Finnish dark progressive rock trio Endworld Halos launched their self-titled debut album in October 2018 which, according to themselves, is a versatile and ambitious slab of Finnish prog-infused rock, that can be described as a shady fusion of modern and old-fashioned soundscapes. Toni Jarvinen and Kimmo Utriainen answered our questionnaire about their mission, the record, technology, and more.
Define the mission of Endworld Halos.
Toni: I haven’t set any particular milestones or missions set for the band. For me, music has gradually become the best method to channel my emotions and it functions as an intermediate for learning about life and myself.
Kimmo: I concur to some extent. The topmost reason for me to write music is self-expression, to convey things I see and things I can’t understand otherwise. Still, I’d say that together we have also managed to extract something tangible from the essence of this age, a portrait of the world’s status quo and current direction, as seen by two Finns with a different but somehow similar mindset. So it’s not something completely self-centered, as self-expression and art are a very strong connection to the outside – the world, nature and other people. I do hope our work will find (and move) as many people as possible, as I feel what we’ve created ended up being something quite beautiful, but I wouldn’t call promoting it a mission. I guess our music is no more or no less than stone age cave paintings. It’s a scar from this era that will find its purpose and bear its impact on people in its due time, if it’s bound to do so. And I’m sure it will.
Tell me about the creative process that informed your recent self-titled debut album and the themes it captures.
Toni: I see it as a tableau of how I experience the man-made world. I’d say that anyone who is able and willing to observe their surroundings from different perspectives will sometimes witness very unnatural behavior by their fellow men, and very often by yourself, as I feel we all have our crosses to carry. It can make you feel distressed when dreaming on how things could be different and how the world might be more beautiful. Most of the time you just accept that things are exactly the way they are meant to be. With this mindset as the basis, the album is a trip from the twilight of man to metropolitan cities, via deserts to a sunset and eventually to silence.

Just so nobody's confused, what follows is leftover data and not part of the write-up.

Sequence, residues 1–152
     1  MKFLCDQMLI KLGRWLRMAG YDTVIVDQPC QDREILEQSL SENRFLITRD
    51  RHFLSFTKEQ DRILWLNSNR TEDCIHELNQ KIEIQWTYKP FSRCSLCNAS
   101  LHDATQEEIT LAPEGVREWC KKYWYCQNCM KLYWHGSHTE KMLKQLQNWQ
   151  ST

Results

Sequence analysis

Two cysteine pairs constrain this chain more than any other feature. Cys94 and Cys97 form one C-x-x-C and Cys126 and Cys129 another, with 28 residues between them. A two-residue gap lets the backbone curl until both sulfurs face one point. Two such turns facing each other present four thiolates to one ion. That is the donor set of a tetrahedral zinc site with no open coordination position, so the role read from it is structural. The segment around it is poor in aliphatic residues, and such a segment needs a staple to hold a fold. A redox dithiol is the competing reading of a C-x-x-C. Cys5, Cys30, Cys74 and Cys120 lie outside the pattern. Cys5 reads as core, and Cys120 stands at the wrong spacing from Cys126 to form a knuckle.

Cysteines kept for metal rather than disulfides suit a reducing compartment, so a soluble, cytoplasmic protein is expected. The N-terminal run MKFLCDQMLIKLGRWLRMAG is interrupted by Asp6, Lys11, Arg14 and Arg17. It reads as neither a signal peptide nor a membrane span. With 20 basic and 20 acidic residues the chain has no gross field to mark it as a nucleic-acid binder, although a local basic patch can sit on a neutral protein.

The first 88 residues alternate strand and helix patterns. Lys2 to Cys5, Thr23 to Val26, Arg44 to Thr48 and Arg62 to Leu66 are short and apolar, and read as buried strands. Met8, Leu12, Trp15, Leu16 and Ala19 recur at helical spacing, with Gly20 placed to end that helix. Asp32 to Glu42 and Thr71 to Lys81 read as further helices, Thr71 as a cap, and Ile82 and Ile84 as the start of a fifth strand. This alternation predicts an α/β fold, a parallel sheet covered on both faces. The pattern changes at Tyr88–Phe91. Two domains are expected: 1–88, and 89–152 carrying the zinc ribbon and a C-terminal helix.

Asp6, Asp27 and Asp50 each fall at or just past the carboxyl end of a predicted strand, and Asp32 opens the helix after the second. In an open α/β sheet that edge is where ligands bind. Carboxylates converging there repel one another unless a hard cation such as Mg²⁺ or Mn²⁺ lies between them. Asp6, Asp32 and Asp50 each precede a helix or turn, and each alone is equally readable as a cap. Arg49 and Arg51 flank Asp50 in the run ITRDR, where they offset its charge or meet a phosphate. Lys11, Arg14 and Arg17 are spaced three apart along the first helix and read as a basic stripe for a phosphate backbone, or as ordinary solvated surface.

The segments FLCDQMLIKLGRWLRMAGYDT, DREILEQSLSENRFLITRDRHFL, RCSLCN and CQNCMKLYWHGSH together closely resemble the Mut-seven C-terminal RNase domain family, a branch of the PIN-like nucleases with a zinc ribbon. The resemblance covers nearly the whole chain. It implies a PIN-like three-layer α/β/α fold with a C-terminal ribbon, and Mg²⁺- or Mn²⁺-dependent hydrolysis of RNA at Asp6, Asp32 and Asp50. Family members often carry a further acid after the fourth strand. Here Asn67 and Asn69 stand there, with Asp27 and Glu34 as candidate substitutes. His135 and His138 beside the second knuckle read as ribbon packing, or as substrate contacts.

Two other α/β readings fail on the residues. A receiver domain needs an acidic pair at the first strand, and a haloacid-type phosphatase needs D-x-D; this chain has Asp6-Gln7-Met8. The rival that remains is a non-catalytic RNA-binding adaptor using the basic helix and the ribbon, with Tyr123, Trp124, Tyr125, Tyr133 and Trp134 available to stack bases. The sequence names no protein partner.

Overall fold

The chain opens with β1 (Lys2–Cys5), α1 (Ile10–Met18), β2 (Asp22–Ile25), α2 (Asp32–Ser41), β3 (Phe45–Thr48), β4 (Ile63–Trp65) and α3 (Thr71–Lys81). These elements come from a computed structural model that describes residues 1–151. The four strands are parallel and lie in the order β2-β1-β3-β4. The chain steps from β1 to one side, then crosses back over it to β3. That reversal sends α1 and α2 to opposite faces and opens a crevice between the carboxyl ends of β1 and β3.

Kimmo: The album captures different aspects on the world we live in, pessimistic and optimistic, hideous and beautiful. While it may seem that we are plummeting towards our end, we are also witnessing unimaginable miracles and beneficial progress taking place around us. We assume we are becoming more detached from our origins and nature, but we’re still extremely close to the archaic species that have been around for millenniums, which is tearing us apart. There’s beauty and hope in everything we see as something dreadful, and the other way around. We see ourselves as the greatest and wisest species on earth, but is that even close to the truth? It’s the dichotomy, conflict, impossibility and fascination of the world that has forced me – and I think us – to take this musical excursion.
What is the message you are trying to give with “Endworld Halos”?
Toni: I’d encourage everyone to observe themselves and their own actions from various perspectives, not just from the self-centered point of view. Looking at the stars, for example, is a simple way to achieve and understand a different angle.
Kimmo: People who claim they are right frighten me the most, so if there is a message to be sent, I’d like people to question their place in the world and their good intentions, and at the same time, have mercy and forgiveness for themselves, if required. Also, remember to feel small every now and then.
How did you document the music while it was being formulated?
Kimmo: We both had some ideas old and new we thought we could incorporate to this project. Thus, we assembled the bits and pieces and started farming riffs and ideas. From there, things slowly started to take form, and we began to see what kind of a sound and themes the band could be all about.